|Objective||The general objective of the course is to enable MTEC students to develop leadership skills by dealing with real-world business problems, thinking critically about the concepts discussed in their study programs and learning how to apply these concepts to provide practical implications. It provides students with coaching and mentoring from senior leaders in the company and professors from D-MTEC to bridge the gap between theory and practice.|
|Content||This seminar provides ambitious ETH students and doctoral candidates with a rewarding learning opportunity: a real case study of strategy and innovation in close collaboration with the top management of an outstanding company (TBA).|
What you can expect:
You will work in teams on specific high priority assignments that flow from the company. Delving into the assignments you will both contribute to solving strategic issues and have an impact on their implementation at the company. In the different team assignments not only technical and innovative aspects but also social, ethical, HR and marketing-relevant aspects play an important role and must be taken into account.
To gain insight into the company and its culture you will receive briefings from senior management, conduct interviews with experts and run workshops with your case managers. In the final presentations you will pitch your findings to key stakeholders and top management representatives and receive valuable feedback.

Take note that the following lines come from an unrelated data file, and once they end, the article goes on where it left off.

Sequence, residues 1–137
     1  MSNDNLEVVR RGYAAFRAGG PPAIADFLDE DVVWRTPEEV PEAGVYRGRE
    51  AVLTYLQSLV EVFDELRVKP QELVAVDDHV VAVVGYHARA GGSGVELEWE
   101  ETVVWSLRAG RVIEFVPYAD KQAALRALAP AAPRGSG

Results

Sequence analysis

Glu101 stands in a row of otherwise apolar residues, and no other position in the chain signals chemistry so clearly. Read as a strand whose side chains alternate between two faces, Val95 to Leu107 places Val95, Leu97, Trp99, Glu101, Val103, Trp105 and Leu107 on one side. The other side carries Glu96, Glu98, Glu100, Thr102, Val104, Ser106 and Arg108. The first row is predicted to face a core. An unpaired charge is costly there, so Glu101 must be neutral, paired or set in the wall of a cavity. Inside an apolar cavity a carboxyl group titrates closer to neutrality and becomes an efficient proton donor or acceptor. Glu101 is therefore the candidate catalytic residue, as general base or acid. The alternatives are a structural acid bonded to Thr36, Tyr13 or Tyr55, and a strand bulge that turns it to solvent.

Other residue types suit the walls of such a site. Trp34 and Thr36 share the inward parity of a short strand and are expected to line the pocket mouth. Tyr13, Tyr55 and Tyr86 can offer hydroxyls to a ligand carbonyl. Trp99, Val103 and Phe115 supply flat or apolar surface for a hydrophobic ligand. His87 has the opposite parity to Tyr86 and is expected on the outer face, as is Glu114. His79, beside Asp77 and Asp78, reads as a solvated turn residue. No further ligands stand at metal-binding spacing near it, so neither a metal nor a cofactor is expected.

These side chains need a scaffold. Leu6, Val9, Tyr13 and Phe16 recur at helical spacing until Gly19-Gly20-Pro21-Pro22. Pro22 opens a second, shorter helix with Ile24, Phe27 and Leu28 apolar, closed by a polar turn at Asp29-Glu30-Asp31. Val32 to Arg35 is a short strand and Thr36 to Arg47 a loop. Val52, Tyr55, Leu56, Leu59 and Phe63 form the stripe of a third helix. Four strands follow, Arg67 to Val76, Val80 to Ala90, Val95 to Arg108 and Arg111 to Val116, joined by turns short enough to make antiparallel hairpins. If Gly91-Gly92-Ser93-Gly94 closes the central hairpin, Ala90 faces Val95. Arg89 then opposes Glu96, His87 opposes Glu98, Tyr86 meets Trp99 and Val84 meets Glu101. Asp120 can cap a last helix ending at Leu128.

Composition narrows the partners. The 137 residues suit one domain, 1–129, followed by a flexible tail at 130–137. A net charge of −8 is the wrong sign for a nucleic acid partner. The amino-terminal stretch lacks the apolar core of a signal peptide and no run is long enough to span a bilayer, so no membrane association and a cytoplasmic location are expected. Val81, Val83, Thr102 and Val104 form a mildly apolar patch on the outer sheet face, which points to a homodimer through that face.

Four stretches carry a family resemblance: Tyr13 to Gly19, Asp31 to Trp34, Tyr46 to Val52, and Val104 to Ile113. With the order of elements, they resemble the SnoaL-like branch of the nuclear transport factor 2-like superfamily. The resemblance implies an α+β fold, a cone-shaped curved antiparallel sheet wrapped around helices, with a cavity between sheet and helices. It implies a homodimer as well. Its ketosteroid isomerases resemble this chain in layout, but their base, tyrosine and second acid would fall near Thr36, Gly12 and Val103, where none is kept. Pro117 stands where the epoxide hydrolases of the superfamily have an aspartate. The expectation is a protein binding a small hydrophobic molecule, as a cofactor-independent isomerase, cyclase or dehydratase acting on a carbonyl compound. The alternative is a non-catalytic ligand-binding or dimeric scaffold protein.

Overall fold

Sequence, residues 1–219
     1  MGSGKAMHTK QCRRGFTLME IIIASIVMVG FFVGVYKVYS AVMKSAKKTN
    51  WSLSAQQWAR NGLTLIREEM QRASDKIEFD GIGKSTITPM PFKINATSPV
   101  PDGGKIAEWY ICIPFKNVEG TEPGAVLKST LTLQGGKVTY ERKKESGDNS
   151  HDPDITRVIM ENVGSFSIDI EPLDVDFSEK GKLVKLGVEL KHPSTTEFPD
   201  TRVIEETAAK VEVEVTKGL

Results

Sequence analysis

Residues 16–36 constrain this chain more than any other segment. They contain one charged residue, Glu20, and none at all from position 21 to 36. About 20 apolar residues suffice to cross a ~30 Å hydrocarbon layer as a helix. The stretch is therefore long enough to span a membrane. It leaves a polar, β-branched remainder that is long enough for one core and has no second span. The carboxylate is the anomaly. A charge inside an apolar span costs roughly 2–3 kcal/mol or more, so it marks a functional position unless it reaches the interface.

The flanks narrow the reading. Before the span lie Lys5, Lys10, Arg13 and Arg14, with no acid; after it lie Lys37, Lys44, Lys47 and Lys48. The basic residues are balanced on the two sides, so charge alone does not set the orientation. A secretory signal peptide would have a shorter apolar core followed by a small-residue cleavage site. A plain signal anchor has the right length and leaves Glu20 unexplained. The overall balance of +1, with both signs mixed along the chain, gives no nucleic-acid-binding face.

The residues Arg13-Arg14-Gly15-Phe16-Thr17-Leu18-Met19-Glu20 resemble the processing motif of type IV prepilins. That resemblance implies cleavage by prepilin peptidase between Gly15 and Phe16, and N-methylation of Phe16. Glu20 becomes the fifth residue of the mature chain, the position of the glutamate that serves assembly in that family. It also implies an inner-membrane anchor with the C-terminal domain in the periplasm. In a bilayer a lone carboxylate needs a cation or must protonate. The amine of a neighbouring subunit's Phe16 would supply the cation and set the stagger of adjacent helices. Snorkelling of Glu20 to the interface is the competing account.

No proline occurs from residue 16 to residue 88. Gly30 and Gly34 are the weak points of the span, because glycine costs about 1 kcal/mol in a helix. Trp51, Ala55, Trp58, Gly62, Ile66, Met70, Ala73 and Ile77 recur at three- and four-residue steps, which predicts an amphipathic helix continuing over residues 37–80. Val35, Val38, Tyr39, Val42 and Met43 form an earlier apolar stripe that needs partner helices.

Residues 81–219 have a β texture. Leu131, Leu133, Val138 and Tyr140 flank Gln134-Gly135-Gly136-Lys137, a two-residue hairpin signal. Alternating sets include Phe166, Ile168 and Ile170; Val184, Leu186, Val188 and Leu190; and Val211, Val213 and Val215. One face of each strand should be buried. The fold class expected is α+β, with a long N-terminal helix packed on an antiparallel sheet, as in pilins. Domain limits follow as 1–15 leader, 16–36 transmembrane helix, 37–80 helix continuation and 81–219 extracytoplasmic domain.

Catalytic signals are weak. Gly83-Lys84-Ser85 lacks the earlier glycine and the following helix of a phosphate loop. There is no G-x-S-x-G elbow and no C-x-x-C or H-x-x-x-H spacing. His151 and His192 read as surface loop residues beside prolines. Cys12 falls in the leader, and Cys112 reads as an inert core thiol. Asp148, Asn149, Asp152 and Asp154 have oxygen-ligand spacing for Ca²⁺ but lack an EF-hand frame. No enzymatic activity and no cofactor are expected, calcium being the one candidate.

Furthermore you will be coached and supported by MTEC professors on the topics of investigation, innovation, strategy and board presentation.
The course is directed and organised by PD Dr. Zeynep Erden and Dr. Isabel Spicker as part of the MTEC Leadership Development Programme.
What we expect from you:
You are an ambitious ETH student or doctoral candidate who is looking for a rewarding learning opportunity and is eager to go the extra mile. You will work on a real case study of strategy, technology and innovation in close collaboration with the senior management of an outstanding Swiss company. The recommendations that you formulate in collaboration with members of your team as well as with internal and external experts will be discussed at the Partner and Director levels. This demands a deep understanding of the company's leadership culture.
In this endeavour you are coached and supported by
- Pius Baschera, former Chair of Entrepreneurship
- Stefano Brusoni, Chair of Technology and Innovation Management
- Georg von Krogh, Chair of Strategic Management and Innovation
- Torbjörn Netland, Chair of Production and Operations Management
- Zeynep Erden, Vlerick Business School/ D-MTEC
|Literature||Literature and readings will be announced in the coaching sessions.|
|Prerequisites / Notice||Please apply for this course via the official website (www.mtec.ethz.ch). Apply no later than August 23. |
The number of participants is limited to 15.
Participants receive a certificate
|364-0553-00L||Innovation in Digital Space||1 credit||1G||G. von Krogh, Y. R. Shrestha|
|Abstract||The purpose of this course is to review and discuss issues in current theory and research relevant to innovation in the digital space.|
|Objective||Through in-depth analysis of published work, doctoral candidates will identify and appraise theoretical and empirical studies, formulate research questions, and improve the positioning of their own research within the academic debate.|